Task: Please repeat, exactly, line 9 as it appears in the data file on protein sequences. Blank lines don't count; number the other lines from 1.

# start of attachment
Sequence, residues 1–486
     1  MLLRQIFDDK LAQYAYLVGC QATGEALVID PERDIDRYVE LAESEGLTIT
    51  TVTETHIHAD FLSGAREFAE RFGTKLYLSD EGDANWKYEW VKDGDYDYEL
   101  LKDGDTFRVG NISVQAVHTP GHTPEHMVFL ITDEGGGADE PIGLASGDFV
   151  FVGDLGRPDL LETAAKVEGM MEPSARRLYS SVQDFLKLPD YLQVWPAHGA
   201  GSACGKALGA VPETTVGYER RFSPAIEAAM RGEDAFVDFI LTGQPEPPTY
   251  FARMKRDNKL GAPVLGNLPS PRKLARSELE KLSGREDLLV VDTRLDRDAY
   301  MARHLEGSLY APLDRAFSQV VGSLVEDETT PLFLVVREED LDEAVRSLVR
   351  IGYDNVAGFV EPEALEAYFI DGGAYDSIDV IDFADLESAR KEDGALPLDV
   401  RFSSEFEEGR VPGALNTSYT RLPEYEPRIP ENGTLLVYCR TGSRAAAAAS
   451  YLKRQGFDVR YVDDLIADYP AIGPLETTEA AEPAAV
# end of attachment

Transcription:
   351  IGYDNVAGFV EPEALEAYFI DGGAYDSIDV IDFADLESAR KEDGALPLDV